In truth, Cross did not plead ‘guilty to embezzlement, admitting that she had fraudulently obtained millions of dollars in federal student loans and grants … ’ The only charge to which she pleaded guilty was knowingly and willfully applying approximately $26,000 from Sept. 10, 2001 to Dec. 27, 2001 to the operating expenses of the college. The college had received a letter on Sept. 10 from the regional office of the Department of Education calling for specific processes prior to disbursement of funds. The college was entitled to receive funds, but not in that amount.
Presidents in a truly civil society are never charged with this kind of error, except by hyperzealous judicial systems that seek to target a particular individual or college as retribution for one “sin” or another. The roster of violators who have committed even “worse” violations would include presidents of some of the best schools in the nation; such violation actually committed by lower ranking personnel, are simply not considered to rise to a level of prosecutorial interest for pursuing president, unless ordered to do so by high officials pushing suspect political agendas. These kinds of agendas came to light in the wake of recent firings of U.S. attorneys who declined to pursue political “hit” lists. In other times and other places, there would have been no more than frank and friendly advice from the relevant federal officials to address whatever the problem.
I was present in the federal court in Atlanta when U.S. District Court Judge Julie Carnes, in handing down sentence, quickly disabused the courtroom audience of what the case was not about. It was not about Cross pleading guilty to fraud or embezzlement, as the press erroneously trumpets ad nauseam and without shame or journalistic remorse. In legal language, the charge at hand was a technical violation called misapplication of funds.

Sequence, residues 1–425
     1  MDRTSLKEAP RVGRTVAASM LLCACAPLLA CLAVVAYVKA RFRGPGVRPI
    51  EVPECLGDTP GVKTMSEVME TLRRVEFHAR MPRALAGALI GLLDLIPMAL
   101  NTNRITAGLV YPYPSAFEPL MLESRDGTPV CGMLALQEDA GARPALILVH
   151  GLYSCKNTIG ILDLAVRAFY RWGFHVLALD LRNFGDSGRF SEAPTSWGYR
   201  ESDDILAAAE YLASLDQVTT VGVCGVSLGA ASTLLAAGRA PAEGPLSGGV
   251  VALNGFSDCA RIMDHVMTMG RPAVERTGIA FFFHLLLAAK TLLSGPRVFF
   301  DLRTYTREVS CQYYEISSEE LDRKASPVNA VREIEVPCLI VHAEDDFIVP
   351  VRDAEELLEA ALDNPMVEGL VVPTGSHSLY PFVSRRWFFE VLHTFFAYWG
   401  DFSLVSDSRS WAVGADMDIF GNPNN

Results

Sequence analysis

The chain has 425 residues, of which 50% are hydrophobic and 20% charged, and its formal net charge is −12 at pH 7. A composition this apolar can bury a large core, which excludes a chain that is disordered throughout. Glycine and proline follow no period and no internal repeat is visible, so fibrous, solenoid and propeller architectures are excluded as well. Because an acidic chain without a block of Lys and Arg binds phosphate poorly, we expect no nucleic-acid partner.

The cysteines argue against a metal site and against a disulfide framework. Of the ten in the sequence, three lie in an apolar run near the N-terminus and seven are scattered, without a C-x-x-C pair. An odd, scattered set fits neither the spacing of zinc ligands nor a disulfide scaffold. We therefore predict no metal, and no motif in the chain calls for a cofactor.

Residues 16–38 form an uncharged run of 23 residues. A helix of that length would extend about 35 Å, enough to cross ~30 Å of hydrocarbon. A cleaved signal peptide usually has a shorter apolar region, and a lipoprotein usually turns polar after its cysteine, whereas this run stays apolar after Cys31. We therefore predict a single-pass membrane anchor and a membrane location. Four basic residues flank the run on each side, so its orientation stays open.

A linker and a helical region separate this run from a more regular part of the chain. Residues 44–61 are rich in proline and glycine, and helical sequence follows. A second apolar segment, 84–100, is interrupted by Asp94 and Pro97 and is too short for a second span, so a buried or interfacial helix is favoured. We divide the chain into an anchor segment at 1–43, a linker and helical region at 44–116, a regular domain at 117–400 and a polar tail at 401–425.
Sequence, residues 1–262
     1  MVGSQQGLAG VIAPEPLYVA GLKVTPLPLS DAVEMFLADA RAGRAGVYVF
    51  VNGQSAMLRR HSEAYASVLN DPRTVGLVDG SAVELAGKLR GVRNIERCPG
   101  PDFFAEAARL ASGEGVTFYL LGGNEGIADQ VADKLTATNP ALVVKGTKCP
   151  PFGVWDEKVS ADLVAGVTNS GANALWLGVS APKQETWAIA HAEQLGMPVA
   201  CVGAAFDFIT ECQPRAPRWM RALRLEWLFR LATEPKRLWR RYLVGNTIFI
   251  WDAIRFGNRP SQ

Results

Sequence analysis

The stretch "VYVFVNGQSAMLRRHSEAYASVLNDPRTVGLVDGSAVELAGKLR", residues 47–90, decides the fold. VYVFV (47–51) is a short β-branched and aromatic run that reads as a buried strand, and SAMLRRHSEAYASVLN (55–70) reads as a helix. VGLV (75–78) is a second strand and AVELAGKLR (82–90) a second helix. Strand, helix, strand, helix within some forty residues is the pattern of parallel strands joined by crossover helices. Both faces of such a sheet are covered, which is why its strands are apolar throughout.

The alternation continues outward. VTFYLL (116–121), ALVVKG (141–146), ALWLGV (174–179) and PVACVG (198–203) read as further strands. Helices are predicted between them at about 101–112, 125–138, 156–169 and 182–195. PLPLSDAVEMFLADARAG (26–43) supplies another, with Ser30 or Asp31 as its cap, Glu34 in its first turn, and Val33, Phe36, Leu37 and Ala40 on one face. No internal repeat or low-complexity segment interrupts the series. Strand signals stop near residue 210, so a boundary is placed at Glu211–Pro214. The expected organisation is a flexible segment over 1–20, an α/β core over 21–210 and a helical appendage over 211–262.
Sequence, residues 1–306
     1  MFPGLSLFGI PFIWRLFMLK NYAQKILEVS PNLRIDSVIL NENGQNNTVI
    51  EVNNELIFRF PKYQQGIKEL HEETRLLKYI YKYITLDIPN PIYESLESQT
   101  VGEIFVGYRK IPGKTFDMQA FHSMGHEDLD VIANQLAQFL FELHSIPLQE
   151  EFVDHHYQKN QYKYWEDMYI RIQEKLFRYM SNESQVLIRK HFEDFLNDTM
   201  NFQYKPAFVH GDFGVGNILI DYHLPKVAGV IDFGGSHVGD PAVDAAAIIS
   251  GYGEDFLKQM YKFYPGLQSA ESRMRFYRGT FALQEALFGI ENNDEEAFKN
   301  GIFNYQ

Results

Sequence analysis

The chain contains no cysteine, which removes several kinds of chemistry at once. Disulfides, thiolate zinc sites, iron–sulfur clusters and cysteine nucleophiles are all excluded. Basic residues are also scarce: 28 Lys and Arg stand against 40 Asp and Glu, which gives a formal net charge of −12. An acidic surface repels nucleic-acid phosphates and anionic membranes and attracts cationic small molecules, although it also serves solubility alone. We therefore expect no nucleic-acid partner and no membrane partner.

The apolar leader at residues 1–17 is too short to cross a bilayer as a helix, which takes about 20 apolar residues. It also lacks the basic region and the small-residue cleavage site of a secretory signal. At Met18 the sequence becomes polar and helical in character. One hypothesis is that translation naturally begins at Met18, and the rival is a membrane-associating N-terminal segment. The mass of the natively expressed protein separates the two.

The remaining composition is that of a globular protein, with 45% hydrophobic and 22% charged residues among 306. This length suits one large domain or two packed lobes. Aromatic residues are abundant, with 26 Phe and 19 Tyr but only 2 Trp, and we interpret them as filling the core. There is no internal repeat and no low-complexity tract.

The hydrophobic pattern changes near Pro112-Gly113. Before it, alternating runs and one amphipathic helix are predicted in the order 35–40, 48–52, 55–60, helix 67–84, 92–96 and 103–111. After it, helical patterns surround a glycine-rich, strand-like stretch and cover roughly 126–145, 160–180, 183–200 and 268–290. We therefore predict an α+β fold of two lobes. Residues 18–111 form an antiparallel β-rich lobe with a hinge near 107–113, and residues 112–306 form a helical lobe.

The judge opined in open court that it was reasonably doubtful that the body of evidence that had been stockpiled would ever support allegations of fraud or embezzlement, especially given that Cross never enriched herself at the expense of the college. And if by mistake such allegations were found applicable in Cross’ case, then most American college presidents would be in serious trouble for merely serving as presidents in institutions employing management staff who occasionally make mistakes.
My final point is the saddest of all: Why, indeed, would respectable journalistic organizations irresponsibly disseminate hearsay and dissembling as investigated and confirmed fact, thus generating the false impression that Morris Brown College was somehow doing, at least tolerably well, until the arrival of Dr. Dolores E. Cross as president?
It is an impression that would have the multitudes believe what everyone in Atlanta with two functioning brain cells knows is patently untrue. The financial problems of Morris Brown began long ago under the watch of previous trustee boards. Former President Cross made a wonderful scapegoat for so many who have sought for so long to avoid facing so much unpleasant truth. But we need not dwell there.
In the spirit of unity through diversity theme of President-elect Barack Obama, we might reflect a moment on the power of empathy, a precious quality that is most needed in tumultuous times.
As a haven for educating and nurturing hungry souls in a land whose schools do little of either, Morris Brown College, along with its sister legacy institutions, is especially deserving of survival and prosperity. Indeed, no longer the racially segregated entities of yesteryear, American education more than ever needs the historic, African-American “extended family” ethos ¯ the cross-disciplinary, unity of knowledge approach to learning and living.
That is the legacy of historically Black colleges and universities generally, but of AME-Church founded Morris Brown particularly. Morris Brown merits better than harsh judgments or parsimonious second-guessing. It deserves the deepest resource support and counsel of experts that is humanly obtainable in an era of billion-dollar corporate bailouts ¯ astronomical sums in comparison to the paltry amounts that could utterly revive all of the Morris Browns of the nation put together. With the resounding support of its current and former base of students, faculty, alumni and its newly constituted Board of Trustees, Morris Brown College could not only survive, it can rise up like the Phoenix as a new beacon of hope for an entire nation attempting to find its way out of a long dark night.
Dr. Grant D. Venerable, II was Provost of Morris Brown College from 1999 to 2002.